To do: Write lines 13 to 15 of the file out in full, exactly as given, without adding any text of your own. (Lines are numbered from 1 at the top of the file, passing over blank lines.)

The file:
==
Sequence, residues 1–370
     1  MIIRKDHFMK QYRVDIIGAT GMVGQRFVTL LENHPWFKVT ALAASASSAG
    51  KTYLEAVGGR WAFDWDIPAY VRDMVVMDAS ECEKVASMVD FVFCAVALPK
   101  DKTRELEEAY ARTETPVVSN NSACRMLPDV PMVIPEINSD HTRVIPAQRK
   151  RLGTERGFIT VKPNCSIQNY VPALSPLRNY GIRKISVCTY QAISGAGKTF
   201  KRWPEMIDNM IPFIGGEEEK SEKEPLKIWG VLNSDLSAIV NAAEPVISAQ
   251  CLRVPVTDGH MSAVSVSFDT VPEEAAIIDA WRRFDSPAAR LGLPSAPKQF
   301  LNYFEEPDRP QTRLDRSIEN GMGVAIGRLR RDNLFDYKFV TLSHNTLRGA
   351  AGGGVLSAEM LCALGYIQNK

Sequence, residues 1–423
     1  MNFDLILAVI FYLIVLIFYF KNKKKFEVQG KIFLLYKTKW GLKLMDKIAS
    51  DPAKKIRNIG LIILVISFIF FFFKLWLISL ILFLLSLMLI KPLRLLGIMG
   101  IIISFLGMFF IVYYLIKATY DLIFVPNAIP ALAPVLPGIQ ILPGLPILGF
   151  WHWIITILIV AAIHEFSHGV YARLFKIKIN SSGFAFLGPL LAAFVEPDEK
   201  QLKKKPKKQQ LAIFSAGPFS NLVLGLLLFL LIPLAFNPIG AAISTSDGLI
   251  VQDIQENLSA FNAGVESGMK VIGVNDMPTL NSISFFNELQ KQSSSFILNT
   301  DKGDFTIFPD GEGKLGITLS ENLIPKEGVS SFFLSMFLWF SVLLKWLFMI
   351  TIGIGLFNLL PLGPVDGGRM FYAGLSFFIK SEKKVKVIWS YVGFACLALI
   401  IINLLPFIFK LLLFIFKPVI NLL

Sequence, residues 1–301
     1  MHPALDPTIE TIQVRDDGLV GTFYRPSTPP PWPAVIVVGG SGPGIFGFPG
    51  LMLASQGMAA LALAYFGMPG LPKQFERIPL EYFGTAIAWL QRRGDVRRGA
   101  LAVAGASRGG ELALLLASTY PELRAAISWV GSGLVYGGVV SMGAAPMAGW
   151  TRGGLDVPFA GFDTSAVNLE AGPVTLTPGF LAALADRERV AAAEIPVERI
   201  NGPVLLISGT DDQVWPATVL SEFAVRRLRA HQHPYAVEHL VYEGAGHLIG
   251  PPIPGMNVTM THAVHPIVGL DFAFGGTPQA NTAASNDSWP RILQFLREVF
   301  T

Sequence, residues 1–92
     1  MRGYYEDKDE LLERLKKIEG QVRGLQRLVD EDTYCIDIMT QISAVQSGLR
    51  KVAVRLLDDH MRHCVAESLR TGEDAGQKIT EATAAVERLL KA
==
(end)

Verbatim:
   101  IIISFLGMFF IVYYLIKATY DLIFVPNAIP ALAPVLPGIQ ILPGLPILGF
   151  WHWIITILIV AAIHEFSHGV YARLFKIKIN SSGFAFLGPL LAAFVEPDEK
   201  QLKKKPKKQQ LAIFSAGPFS NLVLGLLLFL LIPLAFNPIG AAISTSDGLI